As the United States teeters under the weight of Trumpism while inequalities of race, class, gender, and nativity inspire protests and political organising, it has become increasingly common to harken back to the political divisions of the 1960s.
This roundtable panel explored the usefulness of the ‘1960s’ as a point of comparison for contemporary politics and culture not just in the U.S. but around the world in locales like Brazil and Greece. What has changed in the way we think about the 1960s as scholarship on the decade has passed from those who participated in its upheavals to those who study it as scholarly project? Is the ‘1960s’ a coherent category of historical time and analysis? If so, are the inequalities, oppressions, and counter-revolutions of the contemporary world producing a ‘new 1960s?’.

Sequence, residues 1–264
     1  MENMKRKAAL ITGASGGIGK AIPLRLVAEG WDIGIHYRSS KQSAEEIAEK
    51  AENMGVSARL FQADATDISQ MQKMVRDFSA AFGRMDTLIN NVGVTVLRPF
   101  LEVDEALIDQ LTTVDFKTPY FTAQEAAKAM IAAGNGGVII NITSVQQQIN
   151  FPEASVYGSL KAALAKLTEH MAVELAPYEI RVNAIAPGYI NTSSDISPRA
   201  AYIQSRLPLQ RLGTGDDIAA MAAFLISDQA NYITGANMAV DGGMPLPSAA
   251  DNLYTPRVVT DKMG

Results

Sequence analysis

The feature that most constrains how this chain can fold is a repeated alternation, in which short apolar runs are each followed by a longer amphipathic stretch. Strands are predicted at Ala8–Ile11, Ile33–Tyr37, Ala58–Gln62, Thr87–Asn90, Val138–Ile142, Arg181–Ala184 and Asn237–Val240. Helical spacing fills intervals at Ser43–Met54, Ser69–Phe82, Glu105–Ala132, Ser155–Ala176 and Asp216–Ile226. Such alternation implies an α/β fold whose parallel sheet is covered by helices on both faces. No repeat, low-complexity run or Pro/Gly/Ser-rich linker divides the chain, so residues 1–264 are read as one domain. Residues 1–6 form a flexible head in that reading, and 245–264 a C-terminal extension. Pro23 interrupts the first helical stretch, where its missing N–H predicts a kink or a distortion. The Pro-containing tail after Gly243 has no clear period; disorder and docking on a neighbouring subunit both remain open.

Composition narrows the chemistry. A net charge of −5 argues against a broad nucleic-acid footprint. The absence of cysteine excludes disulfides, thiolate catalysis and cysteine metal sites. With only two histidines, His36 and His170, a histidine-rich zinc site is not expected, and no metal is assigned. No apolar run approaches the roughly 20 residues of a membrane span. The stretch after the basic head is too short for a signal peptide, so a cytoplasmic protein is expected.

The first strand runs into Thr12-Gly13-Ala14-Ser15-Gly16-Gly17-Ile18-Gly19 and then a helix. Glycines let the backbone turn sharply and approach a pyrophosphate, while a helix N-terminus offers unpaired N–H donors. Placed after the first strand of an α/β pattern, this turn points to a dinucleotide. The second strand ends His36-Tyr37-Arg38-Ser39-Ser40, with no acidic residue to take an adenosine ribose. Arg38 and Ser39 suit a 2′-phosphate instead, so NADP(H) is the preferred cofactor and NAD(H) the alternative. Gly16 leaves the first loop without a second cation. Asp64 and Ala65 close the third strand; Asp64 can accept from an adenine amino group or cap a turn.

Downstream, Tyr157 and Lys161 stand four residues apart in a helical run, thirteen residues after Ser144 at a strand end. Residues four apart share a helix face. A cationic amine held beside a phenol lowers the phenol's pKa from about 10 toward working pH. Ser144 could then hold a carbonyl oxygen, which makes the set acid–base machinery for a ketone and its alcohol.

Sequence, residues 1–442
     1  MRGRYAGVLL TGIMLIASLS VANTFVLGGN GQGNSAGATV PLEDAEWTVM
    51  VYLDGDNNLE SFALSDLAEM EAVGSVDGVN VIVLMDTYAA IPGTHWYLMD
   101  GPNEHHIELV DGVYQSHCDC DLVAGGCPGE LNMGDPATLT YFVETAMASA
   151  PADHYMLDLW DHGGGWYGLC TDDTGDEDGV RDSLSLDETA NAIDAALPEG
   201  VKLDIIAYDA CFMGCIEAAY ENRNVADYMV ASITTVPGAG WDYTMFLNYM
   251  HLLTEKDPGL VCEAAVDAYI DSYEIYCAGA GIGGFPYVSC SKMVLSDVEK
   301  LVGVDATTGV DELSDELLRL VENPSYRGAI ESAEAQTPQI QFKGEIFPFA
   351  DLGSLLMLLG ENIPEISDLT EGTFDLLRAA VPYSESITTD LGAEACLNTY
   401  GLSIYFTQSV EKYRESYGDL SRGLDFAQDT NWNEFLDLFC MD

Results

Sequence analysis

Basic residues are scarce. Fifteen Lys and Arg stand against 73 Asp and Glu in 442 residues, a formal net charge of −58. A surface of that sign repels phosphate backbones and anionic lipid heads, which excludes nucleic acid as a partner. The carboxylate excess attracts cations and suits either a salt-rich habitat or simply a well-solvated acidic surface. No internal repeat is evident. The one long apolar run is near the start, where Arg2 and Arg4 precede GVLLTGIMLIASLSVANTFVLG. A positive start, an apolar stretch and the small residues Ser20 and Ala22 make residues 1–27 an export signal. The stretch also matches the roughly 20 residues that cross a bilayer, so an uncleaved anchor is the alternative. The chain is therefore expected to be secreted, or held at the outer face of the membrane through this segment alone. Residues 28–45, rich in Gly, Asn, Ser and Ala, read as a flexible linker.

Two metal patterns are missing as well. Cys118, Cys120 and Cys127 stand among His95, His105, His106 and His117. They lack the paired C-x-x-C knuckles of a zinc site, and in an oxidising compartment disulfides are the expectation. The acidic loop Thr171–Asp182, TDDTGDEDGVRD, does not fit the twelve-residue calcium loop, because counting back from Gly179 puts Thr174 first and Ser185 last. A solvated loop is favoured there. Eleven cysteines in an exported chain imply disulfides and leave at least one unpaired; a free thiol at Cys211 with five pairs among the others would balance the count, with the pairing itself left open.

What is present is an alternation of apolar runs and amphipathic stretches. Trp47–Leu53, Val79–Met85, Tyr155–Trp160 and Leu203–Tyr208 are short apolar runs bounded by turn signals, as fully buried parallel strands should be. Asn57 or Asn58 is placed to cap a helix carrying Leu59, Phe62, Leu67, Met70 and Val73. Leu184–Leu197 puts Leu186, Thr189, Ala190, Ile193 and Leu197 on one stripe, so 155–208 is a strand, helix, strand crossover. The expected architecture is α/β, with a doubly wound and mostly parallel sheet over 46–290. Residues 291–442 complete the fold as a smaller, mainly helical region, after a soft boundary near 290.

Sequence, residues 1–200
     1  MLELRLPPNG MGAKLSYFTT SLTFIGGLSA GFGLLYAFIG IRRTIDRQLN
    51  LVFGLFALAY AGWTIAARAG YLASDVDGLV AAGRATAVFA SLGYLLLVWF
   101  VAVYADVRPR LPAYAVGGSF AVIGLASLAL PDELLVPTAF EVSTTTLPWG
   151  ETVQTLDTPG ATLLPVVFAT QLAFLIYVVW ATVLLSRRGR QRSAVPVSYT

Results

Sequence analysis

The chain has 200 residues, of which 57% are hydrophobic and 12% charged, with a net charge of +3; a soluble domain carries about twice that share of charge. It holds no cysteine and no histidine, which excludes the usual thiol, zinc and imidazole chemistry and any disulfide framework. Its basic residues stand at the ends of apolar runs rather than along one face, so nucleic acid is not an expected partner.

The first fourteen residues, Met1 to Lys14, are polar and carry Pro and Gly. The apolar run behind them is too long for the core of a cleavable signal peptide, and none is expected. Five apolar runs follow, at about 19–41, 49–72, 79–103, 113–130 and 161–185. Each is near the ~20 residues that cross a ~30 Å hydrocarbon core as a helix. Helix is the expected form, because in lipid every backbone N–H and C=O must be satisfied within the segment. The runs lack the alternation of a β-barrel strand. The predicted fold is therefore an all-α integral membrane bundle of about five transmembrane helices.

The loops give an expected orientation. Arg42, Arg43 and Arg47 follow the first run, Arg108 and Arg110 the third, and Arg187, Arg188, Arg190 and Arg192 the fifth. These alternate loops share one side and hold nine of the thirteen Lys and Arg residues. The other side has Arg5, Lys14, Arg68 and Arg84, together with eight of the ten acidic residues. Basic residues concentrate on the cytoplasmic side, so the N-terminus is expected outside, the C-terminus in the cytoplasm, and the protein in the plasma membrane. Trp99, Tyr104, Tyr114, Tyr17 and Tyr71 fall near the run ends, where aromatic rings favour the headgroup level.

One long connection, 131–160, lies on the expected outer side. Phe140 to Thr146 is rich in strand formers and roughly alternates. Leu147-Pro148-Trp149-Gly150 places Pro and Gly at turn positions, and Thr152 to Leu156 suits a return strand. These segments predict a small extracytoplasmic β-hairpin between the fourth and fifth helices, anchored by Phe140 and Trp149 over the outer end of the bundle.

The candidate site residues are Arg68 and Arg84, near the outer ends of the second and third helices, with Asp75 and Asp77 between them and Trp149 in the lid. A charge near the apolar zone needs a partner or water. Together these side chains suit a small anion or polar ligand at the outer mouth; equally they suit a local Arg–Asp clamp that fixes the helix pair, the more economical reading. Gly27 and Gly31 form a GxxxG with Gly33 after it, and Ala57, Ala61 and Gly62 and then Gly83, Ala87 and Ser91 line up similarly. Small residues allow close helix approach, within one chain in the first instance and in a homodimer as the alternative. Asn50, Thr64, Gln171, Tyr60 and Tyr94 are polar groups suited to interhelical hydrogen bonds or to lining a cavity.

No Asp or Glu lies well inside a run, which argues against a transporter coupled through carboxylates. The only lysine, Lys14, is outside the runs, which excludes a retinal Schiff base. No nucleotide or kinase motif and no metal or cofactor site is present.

The four panellists, including USSC academics Dr Thomas Adams and Dr Rebecca Sheehan, are all historians of American social movements who teach outside of the United States. They offered diverse answers to these questions while placing the idea of the 1960s in the contemporary political and cultural context.
This event was hosted by Sydney Ideas and is co-presented with the American Cultures Workshop, a Faculty of Arts and Sciences Collaborative Research Scheme.